What Is the Difference Between Green Chilies & Green Jalapeno Peppers?
There are many types of green chilli peppers, a generic term referring to any type of green plant in classified under the genus Capsicum. Green jalapeño peppers are one example of a green chilli plant. Other examples include green bell peppers, poblano peppers and some paprika peppers.
Jalapeño peppers originated in Mexico, but grow as far north as the middle belt of the United States and as far south as Brazil. Jalapenos thrive in hot weather and do not tolerate frost. If grown in a climate with winter frost, such as Georgia or Tennessee, the plant dies in the winter and must be replanted in the spring. If it is grown in a frost-free climate, it reappears each year. Green chillies do not fit this description. Some green chillies, like aji peppers and Bishop's Crown peppers, predominantly grow in mountainous regions, such as in Bolivia and Peru. Other green chillies are most commonly found in the year-round tropical climates of Thailand.
Jalapeños are commonly found in Mexican and Tex-Mex cooking. It is a common ingredient in salsas. The chipotle method of Mexican and Tex-Mex cooking involves smoking a dried jalapeño pepper. Green chillies vary widely in their uses and in the types of world cuisine where they are used. The green Bishop's Crown peppers are found in Bolivian cooking, while green bell peppers, which have a very mild spice profile, are a common feature in raw salads and grilled kebabs.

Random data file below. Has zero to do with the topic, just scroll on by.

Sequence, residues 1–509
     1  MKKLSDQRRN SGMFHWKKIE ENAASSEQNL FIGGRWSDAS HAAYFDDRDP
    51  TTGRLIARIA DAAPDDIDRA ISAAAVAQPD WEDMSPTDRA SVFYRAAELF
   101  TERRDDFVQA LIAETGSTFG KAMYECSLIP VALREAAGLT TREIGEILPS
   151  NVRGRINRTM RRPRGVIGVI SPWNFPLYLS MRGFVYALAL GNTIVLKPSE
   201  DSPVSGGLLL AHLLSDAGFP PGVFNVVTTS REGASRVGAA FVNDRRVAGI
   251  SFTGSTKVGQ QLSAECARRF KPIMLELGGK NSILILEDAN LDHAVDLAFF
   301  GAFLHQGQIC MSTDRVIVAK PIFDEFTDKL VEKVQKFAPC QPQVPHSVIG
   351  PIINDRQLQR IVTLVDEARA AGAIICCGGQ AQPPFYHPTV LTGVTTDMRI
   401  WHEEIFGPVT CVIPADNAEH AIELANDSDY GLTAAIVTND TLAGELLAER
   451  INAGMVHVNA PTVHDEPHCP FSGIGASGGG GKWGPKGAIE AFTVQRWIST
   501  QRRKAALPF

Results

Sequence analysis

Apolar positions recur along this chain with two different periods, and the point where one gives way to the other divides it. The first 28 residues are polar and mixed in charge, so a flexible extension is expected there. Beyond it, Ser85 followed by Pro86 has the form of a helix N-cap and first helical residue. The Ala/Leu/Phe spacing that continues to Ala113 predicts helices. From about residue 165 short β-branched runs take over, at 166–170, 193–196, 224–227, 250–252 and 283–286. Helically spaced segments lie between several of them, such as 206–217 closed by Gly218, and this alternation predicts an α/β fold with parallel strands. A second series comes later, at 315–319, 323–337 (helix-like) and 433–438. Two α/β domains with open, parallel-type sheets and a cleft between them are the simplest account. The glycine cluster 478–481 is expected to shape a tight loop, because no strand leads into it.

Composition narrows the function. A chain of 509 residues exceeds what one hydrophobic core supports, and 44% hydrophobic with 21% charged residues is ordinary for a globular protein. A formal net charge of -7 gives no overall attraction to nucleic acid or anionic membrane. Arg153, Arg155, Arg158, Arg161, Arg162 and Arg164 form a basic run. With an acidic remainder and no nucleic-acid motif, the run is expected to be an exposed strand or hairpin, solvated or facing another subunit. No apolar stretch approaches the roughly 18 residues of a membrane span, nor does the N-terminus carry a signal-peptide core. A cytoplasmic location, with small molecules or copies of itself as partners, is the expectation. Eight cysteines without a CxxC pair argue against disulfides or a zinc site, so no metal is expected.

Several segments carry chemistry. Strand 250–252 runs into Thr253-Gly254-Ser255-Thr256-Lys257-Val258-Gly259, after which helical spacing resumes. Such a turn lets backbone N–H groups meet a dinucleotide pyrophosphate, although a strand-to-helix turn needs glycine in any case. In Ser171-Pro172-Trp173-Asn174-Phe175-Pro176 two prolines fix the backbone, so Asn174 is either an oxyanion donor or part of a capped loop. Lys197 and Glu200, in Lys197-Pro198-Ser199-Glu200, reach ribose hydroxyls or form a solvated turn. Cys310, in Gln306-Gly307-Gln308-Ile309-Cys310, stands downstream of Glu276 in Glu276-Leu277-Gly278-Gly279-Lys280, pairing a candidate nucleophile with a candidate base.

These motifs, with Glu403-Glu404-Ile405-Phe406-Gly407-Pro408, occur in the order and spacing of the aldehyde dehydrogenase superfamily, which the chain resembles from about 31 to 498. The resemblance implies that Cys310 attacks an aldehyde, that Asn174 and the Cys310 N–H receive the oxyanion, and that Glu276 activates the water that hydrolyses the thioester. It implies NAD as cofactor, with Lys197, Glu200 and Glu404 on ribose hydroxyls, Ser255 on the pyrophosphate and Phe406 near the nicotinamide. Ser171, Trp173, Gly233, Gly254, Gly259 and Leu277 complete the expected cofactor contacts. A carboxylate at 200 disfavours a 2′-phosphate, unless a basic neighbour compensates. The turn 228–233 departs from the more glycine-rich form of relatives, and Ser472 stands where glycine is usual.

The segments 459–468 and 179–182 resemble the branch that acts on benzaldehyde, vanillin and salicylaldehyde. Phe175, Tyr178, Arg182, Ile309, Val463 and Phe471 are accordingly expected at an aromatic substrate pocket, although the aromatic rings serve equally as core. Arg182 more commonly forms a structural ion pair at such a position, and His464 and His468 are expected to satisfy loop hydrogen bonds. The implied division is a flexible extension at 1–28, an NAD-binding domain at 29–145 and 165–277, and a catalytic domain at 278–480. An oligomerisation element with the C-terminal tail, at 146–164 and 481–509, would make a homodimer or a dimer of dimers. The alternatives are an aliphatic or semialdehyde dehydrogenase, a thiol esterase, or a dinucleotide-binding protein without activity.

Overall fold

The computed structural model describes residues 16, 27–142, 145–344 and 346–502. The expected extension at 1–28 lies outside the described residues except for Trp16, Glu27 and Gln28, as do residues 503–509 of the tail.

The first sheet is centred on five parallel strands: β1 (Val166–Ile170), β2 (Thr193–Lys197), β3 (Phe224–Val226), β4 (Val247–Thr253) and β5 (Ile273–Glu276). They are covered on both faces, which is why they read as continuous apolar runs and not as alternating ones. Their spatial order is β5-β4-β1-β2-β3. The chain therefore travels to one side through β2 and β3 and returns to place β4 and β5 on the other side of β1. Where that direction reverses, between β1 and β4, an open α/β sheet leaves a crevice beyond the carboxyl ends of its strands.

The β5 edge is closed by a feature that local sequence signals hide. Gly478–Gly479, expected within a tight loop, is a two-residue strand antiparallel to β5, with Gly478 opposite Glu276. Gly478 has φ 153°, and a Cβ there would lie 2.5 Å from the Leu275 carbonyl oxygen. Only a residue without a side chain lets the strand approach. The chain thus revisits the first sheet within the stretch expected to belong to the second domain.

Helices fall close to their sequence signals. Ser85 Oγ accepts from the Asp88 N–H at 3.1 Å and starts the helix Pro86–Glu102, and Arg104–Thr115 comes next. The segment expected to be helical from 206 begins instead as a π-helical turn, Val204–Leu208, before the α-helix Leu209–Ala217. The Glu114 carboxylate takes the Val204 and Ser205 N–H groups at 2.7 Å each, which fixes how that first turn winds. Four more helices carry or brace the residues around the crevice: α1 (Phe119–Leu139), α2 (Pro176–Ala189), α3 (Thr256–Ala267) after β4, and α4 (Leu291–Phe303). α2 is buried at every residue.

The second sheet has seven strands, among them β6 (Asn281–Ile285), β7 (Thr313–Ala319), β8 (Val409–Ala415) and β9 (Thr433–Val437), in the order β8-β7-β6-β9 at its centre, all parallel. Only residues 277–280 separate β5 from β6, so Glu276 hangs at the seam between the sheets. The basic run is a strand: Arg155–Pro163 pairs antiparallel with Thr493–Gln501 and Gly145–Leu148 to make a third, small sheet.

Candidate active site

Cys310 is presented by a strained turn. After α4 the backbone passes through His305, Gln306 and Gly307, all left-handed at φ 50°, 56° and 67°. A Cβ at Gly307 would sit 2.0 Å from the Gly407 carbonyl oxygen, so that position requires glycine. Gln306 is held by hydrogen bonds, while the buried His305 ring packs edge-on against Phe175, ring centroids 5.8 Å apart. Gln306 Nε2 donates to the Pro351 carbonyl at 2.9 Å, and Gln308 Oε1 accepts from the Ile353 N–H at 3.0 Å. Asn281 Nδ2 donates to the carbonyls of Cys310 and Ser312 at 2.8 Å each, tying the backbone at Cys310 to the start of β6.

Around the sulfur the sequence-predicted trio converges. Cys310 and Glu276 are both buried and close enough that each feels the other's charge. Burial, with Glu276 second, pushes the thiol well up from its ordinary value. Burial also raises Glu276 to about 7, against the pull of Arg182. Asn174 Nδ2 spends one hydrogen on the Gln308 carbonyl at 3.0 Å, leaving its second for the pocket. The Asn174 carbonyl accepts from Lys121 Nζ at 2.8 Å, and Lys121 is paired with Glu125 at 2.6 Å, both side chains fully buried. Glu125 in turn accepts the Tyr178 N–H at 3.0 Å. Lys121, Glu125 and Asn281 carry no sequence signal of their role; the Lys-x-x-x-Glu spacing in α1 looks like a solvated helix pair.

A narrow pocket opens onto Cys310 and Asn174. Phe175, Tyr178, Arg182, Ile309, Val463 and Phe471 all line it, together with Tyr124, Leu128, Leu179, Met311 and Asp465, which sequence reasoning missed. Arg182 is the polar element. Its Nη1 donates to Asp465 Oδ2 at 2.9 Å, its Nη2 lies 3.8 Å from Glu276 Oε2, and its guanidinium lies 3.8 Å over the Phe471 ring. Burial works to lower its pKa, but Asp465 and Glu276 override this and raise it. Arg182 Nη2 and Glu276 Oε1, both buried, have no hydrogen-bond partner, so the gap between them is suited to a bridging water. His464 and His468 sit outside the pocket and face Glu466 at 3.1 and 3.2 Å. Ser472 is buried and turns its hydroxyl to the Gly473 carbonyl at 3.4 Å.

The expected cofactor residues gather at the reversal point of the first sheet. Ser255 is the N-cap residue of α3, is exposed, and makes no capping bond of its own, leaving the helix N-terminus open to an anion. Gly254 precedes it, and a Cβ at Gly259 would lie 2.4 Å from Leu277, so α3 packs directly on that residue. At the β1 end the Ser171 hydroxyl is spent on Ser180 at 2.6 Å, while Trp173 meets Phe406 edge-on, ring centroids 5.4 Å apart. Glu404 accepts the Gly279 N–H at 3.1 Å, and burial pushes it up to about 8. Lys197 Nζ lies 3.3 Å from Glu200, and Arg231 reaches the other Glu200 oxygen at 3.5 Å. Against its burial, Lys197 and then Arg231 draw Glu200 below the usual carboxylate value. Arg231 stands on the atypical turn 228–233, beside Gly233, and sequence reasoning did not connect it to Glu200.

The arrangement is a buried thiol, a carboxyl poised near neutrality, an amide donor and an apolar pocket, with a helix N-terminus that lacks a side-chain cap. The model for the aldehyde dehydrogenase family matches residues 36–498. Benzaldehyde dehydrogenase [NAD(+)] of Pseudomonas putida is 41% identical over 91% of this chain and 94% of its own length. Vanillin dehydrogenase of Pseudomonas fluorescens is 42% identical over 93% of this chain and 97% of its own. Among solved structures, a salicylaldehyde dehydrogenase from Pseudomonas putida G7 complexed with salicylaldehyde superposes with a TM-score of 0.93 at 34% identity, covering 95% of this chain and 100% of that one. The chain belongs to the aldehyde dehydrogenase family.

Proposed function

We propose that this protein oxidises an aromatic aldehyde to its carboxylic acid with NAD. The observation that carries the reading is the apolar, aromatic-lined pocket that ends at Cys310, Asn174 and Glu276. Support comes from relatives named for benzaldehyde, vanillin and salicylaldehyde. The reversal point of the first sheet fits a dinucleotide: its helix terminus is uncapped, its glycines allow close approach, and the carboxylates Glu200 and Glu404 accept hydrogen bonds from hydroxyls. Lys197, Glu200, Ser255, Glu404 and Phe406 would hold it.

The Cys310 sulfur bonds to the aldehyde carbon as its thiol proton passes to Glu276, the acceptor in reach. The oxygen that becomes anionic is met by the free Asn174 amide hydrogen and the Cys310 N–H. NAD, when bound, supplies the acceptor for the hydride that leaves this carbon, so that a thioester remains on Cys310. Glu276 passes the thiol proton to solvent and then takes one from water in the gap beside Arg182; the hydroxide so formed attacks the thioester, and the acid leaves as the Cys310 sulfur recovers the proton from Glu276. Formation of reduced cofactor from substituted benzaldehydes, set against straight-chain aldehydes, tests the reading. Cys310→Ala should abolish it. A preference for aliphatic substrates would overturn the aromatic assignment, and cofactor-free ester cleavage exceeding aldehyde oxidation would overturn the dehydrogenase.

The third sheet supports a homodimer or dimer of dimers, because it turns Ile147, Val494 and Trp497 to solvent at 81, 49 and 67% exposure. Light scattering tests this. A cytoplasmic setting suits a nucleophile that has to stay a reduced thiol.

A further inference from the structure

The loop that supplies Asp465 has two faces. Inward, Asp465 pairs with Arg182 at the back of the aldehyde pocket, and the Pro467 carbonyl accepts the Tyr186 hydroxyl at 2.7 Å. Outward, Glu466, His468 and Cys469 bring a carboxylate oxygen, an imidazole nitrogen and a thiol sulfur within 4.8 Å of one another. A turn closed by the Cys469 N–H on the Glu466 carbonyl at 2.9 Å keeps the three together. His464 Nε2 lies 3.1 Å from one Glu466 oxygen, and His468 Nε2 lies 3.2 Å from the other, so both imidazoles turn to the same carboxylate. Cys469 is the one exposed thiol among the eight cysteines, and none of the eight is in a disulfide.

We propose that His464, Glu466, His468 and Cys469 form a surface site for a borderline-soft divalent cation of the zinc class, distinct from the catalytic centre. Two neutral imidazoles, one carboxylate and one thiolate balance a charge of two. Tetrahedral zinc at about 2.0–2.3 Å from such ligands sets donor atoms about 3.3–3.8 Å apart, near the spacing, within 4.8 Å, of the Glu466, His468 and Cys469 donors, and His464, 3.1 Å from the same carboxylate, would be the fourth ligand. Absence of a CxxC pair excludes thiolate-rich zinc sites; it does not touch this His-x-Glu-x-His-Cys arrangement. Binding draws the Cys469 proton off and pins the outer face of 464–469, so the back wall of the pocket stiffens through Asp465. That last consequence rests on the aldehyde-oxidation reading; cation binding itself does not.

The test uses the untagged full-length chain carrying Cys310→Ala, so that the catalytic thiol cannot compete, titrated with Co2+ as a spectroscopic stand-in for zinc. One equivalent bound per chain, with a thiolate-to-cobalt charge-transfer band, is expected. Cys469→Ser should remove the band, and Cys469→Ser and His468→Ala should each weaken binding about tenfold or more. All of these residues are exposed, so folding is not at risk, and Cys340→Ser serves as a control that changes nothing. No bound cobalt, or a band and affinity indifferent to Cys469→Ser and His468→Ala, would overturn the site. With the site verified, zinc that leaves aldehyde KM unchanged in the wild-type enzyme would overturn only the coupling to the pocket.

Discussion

Time to Harvest
Jalapeño peppers require 75 days to go to harvest. In temperate climates, they can be planted in the spring when frost danger has disappeared, which means they will produce their first crop by midsummer. In frost-free climates, they grow year-round and are harvested every three months. Green chillies vary widely in the time they take to harvest. Green bell peppers harvest best in the fall, while the green canary pepper harvests in the early summer. The green Key Largo pepper requires only around 60 days to come to harvest, while the Valencia pepper, which is available as both a green and orange pepper, requires 90 days.
The jalapeño pepper is classified as a Capsicum annuum, a species of pepper found in North and South America that also includes mild, sweet peppers such as bell peppers. Green chillies, however, include everything in the Capscium genus, such as C. frutescens, a species that includes the green Malagueta pepper, found in Brazil and parts of Africa and commonly used in Brazilian cooking. Green chillies also include C. chinense, which features green aji peppers, and C. baccatum, which includes the green Bishop's Crown pepper.
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